“Well, you really aren’t strictly adhering to the plan when it comes to your veggies.” OMG, now it’s dawning on me that I’m being tracked. My face turned as red as a beet! (Beets are on the veggie list so that was okay.) The app I loaded per the instructions that came with the first delivery of meals was wired right in to her computer. I thought it was just for my own personal use to watch my intake. I realized its merit (I guess) but I did not appreciate feeling like “big brother” was watching. And I also thought I should have been advised of the invasion of privacy. I guess I’m not too miffed since I continue to use the app and have called customer service several times. You are encouraged to do this and they’re on call from 7 a.m. to midnight.
There’s another piece to this system…you get to eat some of your own food, but that means buying special stuff in the grocery store which you then have to carefully measure. I mean, how do you measure 2 ounces of chicken? I’ll tell you how. You go to Bed, Bath and Beyond and spend $25 for a digital food scale. What really gets me is all these categories associated with the meals. Flex meals consist of SmartCarbs and PowerFuels, which are listed at length. These are, of course, separate from the every single day 4 times a day ½ cups of veggies. The so called “free food” aka Unlimited Extras aren’t, because they, too, have to be measured and can only be worth 10 to 35 calories. And did I mention you’re expected to eat every 2 to 3 hours? It’s exhausting!
Much of my free time has been spent cooking vegetables. Finally one of the customer reps told me I could drink 8 ounces of low sodium V8 per day and meet 2 of my 4 servings of veggies. Another rep told me that now that I was through the first week (even though I hadn’t lost an ounce) I was not to worry. The next stage allowed for 1200 calories a day and the food was much better. Each time I called, the rules were different yet somehow they explained how they were the same. All I really wanted to know was what was I doing wrong that I wasn’t losing any weight. That wasn’t entirely true…I did lose 2 pounds over the course of two weeks and gained it back. Go figure.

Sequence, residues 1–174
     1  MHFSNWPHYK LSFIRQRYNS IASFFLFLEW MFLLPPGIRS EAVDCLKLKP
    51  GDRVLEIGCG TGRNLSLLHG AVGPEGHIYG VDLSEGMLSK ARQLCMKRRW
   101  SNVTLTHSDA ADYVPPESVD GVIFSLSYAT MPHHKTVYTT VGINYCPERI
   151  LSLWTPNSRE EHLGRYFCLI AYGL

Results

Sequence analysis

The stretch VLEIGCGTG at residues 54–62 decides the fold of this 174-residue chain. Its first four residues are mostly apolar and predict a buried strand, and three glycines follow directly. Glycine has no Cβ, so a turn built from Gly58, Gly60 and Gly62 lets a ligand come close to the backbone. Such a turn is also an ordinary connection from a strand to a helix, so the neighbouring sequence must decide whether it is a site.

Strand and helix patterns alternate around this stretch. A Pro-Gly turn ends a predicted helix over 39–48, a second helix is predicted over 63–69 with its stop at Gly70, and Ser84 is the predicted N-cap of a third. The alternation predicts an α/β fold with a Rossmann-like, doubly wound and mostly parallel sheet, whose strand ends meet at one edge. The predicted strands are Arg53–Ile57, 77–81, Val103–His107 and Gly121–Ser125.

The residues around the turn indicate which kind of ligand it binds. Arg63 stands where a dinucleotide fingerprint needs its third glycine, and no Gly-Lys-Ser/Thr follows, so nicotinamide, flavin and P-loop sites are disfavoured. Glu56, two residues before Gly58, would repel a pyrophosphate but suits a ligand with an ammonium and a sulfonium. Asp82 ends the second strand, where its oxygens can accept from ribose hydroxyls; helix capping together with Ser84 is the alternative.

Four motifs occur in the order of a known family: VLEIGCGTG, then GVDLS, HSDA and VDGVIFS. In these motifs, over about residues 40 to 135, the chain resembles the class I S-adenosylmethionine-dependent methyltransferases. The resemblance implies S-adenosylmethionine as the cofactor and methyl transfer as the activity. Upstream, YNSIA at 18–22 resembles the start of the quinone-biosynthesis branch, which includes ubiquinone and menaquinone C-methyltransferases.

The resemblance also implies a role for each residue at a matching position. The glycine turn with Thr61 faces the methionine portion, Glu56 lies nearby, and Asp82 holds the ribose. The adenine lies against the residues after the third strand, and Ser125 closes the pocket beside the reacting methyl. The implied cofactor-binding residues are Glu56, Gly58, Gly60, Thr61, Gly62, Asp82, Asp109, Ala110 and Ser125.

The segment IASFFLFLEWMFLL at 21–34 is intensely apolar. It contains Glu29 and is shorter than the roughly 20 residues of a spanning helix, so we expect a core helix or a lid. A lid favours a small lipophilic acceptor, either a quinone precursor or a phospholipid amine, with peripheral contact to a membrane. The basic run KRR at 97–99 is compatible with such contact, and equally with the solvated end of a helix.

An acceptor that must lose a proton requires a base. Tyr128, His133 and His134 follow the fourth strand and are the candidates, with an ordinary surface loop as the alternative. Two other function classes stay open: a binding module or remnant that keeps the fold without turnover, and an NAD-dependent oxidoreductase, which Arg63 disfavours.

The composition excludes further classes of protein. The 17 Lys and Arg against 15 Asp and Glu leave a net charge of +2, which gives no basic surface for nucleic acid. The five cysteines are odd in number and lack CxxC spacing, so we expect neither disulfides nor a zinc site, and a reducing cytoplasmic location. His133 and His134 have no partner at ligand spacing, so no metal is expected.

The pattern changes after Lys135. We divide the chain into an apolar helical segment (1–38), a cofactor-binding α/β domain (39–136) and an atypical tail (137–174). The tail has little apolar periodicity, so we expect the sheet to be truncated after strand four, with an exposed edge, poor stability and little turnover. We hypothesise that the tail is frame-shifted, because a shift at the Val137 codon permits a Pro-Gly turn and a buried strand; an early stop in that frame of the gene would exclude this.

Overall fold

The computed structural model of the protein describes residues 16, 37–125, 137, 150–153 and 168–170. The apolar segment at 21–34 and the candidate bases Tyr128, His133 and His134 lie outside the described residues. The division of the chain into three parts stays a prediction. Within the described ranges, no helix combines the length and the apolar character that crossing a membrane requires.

I’m in the middle of my 3rd week, past the date when you can return food for $20 postage and the cost of packaging the frozen stuff in dry ice. So I’m pretty committed. The last call I made said I shouldn’t carve 1200 calories a day in stone. That’s just a reference point. The goal is really 1200 to 1300 and has to do with how many pounds you want to lose not how much you weigh. Now how in the hell was I supposed to know that? I had watched a bunch of videos on YouTube and researched the comment pages (both pro and con) that people had sent in…so much had been omitted. I had no idea I’d be taking a course in “Dieting 101.”
Remember, there was no need to exercise, yet the app and the booklet I follow both have a place to log “daily activity” and the reps ask about that. They tell me 30 minutes of house cleaning a day will fulfill that requirement. I told them house work was not that fulfilling for me.
I’m certain I’ll never end up looking like Marie Osmond (my bad) but at least I won’t have “weighted” until another Thanksgiving to try!